See Jonah Run: Comic Narrative in the Book of Jonah

Sabbath School commentary for discussion on September 18, 2021

Editor's note: this article first appeared in the Spectrum Journal (vol. 15, no. 5) in 1987 and appears here in its entirety.

This is a companion discussion topic for the original entry at

Jonah, dove, a name for Israel, seems more to be a commentary by the author on Israel’s self perception in the world and towards other nations/Gentiles. Where Israel looked for divine comeuppance and judgement towards the wicked Gentile world, the author is saying that God seeks their redemption and restoration. His grace is not limited to a favored nation or people, but open equally to all.

This is one of the main running themes of the NT. Something that first century Judaism had a very difficult time with. It got Jesus executed, and had Paul on the run. It turns out that the book of Jonah was a piece of prophecy in multiple ways.




Another interesting observation from the Hebrew text:
In the Nineveh episode, the name of God (YHWH) is completely missing after 3:3 in contrast to chapters 1, 2, and 4. All scenes include God’s name, but not this one. He is just “God”. A subtle, but important storytelling strategy.

This whole Nineveh episode (cf. 3:5–10), in which the Nineveh people turn to God and He turns to them, excludes who this God is … As if the narrator wanted to tell us that they turn to God, but only in the form they know Him. He is not introduced as YHWH to them.

Contrary to the Nineveh people, the Gentile sailors prayed to YHWH (cf. 3:14). The narrator wants to tell us that there are those Gentiles who know more and those who don’t.

If people turn to whatever glimpse they sense about God, He will embrace them and give more light. That gives me hope for our world.


It sure does! It’s right in line with what 12 step groups teach, that people can turn to a higher power, the God of their own understanding, to be set free from addiction. God works with that and people’s lives are transformed, without calling him by the “right name,” or having all the “right knowledge.”

They still experience the gracious liberating power of God, because he cares, and he loves…regardless of our constructs.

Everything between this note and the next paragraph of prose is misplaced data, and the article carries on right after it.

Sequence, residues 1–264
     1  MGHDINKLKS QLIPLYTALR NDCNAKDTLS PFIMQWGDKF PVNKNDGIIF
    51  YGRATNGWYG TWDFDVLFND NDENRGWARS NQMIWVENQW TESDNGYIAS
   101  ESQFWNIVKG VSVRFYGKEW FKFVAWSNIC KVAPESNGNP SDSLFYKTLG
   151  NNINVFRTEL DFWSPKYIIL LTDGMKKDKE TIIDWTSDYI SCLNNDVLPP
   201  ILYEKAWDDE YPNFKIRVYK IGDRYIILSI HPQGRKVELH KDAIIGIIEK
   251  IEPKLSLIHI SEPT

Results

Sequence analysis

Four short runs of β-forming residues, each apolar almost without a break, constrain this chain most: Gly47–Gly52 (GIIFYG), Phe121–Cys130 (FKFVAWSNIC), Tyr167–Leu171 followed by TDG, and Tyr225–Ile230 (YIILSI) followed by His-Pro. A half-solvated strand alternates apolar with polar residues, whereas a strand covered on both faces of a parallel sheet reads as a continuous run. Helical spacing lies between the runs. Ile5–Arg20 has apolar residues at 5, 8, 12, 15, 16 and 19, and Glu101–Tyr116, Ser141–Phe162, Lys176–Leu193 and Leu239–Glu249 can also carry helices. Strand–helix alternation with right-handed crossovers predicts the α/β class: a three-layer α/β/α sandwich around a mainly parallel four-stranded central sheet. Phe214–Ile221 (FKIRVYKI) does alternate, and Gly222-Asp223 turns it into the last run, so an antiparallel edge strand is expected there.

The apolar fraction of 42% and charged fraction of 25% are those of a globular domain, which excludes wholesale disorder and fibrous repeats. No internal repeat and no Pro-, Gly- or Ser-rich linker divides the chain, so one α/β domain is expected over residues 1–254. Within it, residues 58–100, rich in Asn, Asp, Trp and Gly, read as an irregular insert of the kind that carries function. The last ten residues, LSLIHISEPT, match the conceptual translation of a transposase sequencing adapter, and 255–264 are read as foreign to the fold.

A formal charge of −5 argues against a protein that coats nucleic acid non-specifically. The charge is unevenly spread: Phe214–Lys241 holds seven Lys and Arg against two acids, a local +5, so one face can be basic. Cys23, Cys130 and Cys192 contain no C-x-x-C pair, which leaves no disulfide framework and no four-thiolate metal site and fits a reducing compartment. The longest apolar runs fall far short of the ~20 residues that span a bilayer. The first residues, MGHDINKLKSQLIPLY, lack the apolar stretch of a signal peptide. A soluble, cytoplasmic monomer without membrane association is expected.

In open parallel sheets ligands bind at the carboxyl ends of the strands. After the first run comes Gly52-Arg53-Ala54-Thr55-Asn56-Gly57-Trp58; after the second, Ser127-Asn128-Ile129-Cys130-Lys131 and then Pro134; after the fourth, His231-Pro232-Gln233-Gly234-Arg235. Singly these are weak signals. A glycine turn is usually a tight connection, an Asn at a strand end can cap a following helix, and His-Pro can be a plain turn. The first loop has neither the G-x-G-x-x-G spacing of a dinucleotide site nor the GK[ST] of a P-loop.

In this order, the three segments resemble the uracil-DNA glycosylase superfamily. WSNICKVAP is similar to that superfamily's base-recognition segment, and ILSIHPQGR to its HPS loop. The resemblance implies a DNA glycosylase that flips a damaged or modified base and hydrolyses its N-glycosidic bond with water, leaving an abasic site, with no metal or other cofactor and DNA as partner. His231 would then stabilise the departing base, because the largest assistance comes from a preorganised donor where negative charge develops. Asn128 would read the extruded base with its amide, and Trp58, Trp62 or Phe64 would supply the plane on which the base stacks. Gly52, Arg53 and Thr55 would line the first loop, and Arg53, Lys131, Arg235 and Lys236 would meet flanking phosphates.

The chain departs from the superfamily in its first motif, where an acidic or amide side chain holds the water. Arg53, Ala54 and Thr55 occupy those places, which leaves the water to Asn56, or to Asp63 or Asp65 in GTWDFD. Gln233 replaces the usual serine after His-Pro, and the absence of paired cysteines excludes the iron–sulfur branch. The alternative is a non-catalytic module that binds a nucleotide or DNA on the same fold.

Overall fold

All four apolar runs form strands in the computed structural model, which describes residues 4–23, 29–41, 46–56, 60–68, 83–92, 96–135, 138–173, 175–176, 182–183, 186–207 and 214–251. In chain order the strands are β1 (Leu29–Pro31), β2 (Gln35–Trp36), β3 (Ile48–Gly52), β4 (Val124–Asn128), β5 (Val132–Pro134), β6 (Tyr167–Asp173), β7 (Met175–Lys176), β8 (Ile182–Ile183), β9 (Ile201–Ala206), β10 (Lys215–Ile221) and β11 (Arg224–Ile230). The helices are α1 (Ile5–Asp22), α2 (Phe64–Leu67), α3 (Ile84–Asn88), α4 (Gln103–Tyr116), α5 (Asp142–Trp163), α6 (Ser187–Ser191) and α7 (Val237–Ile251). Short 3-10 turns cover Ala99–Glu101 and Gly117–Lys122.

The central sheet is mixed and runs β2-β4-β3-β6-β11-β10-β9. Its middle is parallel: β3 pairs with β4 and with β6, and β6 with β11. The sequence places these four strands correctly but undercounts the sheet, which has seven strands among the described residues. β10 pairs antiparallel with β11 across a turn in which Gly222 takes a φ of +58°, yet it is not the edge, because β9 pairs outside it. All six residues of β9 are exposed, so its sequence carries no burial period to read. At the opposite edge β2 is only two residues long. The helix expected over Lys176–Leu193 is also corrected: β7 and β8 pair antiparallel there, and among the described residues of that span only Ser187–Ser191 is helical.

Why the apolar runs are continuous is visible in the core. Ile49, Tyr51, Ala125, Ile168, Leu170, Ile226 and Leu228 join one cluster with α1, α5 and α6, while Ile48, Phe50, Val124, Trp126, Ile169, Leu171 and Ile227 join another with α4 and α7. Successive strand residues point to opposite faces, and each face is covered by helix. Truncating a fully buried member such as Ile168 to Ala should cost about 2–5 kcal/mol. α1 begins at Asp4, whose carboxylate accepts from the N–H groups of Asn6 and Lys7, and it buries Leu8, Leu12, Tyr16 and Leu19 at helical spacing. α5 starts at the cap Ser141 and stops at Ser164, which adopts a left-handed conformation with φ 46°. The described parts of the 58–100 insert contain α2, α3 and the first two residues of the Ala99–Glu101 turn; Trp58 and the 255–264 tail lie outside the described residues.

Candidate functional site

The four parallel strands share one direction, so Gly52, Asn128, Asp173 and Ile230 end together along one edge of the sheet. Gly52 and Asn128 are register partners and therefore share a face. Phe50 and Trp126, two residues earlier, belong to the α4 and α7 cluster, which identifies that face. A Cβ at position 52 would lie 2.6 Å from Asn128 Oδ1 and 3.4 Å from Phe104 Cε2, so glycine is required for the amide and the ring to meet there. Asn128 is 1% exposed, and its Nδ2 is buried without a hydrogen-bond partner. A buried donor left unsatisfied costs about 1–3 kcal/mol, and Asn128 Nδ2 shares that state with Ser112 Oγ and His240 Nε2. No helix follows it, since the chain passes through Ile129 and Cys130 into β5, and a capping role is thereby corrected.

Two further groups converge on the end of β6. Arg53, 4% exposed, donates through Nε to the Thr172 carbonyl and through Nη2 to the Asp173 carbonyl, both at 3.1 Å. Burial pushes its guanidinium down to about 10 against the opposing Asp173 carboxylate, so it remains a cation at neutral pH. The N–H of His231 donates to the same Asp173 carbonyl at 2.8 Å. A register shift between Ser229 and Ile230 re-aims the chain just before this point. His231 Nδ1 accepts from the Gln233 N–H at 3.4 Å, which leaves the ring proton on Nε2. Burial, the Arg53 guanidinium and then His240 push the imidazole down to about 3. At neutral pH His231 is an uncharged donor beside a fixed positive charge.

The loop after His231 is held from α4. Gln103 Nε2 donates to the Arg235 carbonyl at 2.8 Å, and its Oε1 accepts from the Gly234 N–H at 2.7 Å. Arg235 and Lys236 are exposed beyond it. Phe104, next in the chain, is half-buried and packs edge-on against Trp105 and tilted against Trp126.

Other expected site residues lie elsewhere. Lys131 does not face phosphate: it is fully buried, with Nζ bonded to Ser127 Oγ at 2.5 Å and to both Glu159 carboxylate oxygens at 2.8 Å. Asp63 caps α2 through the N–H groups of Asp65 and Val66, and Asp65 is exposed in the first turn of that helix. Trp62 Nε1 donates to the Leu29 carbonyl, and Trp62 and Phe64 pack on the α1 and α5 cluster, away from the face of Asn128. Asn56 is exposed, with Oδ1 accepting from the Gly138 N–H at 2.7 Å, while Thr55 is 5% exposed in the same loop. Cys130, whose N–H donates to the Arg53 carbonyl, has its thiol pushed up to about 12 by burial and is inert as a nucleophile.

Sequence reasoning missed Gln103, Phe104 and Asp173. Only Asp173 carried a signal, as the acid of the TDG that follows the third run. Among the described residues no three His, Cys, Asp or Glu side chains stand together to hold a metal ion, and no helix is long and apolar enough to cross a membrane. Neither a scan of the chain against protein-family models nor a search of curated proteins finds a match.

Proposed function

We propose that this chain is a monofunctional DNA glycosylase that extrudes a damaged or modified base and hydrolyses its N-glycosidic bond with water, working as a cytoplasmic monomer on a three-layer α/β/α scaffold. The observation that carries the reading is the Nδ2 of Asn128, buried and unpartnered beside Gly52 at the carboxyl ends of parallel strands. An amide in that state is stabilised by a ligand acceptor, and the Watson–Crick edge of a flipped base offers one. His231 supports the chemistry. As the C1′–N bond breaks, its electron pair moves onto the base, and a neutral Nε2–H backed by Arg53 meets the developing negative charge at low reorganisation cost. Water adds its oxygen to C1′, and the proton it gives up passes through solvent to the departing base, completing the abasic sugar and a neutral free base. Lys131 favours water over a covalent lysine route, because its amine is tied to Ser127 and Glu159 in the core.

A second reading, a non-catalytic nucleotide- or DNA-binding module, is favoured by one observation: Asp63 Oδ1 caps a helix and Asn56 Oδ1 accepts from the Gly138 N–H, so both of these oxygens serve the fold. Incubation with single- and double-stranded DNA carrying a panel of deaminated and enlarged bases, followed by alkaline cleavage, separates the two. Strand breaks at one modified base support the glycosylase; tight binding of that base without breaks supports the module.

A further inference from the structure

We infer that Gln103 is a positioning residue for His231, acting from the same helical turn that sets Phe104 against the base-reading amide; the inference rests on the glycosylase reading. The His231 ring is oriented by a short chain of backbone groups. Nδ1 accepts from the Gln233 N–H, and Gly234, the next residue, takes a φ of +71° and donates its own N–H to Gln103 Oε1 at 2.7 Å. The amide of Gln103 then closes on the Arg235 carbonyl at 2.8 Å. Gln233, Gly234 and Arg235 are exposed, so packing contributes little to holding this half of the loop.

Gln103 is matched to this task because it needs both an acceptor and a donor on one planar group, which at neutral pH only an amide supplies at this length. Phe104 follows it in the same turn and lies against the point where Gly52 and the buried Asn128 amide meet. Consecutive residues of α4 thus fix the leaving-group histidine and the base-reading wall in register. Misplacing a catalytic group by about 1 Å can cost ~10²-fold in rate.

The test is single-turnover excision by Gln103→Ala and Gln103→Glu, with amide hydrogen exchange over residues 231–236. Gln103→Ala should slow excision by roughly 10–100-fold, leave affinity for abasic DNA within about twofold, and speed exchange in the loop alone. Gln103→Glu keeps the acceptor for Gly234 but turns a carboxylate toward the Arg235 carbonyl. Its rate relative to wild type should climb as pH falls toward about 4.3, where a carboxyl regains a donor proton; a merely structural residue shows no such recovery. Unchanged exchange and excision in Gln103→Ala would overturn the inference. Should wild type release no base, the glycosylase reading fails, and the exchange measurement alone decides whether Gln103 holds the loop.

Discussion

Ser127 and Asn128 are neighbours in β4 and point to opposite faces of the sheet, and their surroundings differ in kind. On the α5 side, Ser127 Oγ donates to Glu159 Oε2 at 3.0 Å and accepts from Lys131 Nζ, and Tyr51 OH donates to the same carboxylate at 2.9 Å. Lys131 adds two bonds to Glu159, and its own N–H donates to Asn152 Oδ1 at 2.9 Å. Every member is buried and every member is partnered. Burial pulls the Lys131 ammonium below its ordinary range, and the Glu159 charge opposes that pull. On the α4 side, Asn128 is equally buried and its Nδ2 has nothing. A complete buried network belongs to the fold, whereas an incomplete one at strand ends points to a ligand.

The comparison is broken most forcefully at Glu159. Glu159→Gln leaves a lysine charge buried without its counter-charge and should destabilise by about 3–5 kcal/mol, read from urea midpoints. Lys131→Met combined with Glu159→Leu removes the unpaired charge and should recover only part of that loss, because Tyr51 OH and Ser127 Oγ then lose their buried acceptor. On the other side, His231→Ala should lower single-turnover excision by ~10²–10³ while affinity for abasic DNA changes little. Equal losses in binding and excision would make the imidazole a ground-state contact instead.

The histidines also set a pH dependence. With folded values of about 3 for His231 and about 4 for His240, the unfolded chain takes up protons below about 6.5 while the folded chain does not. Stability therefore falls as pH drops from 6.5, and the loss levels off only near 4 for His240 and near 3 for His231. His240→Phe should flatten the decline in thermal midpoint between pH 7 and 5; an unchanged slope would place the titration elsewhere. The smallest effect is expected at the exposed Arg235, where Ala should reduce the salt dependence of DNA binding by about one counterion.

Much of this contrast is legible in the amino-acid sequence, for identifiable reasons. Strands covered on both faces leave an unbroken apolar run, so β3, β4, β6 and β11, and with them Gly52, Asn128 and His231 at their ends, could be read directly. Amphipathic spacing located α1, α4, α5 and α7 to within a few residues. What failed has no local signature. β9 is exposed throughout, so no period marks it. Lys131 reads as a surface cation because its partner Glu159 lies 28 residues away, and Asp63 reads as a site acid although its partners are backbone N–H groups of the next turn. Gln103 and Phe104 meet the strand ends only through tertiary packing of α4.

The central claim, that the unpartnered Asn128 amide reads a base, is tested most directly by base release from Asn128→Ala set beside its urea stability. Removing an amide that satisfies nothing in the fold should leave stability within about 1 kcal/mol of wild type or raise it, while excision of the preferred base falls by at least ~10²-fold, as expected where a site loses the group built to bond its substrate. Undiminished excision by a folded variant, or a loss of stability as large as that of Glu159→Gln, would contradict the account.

Thanks for pointing that out, Kate!



Great view on a book we tend to hanndle like we all know it already ! What new insights ! Thank you !!

(oh yes, of course we here have an example for “conditional prophecy” also, so be satisfied with our view !!

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I’d like to add a couple of observations:
The story of Jonah states that the population of Ninevah was 120,000. Some think it was the largest city in world at the time and thus a very powerful city in the Assyrian Empire. The number 120 is associated with a special manifestation of the Holy Spirit (e.g., 2Chron 5:12; Acts 1:18) and, in the case of Jonah, God’s Spirit would be shown to work in a unique fashion.

Wikipedia tells us that the original meaning of the name Nineveh is unclear but may have referred to a patron goddess. The cuneiform for Ninâ(𒀏) is a fish within a house (cf. Aramaicnuna, “fish”). This may have simply intended “Place of Fish” or may have indicated a goddess associated with fish or the Tigris River.
Additionally, the word נון/נונאin Old Babylonian refers to the Anthiinae genus of fish, further indicating the possibility of an association between the name Nineveh and fish.
So, it appears that a prominent Ninevite god or goddess was related to fish.

In that part of the world at the time, the Assyrians were recognized as a rather bloodthirsty nation. (They would rise and conquer the northern kingdom of Israel a generation after Jonah.)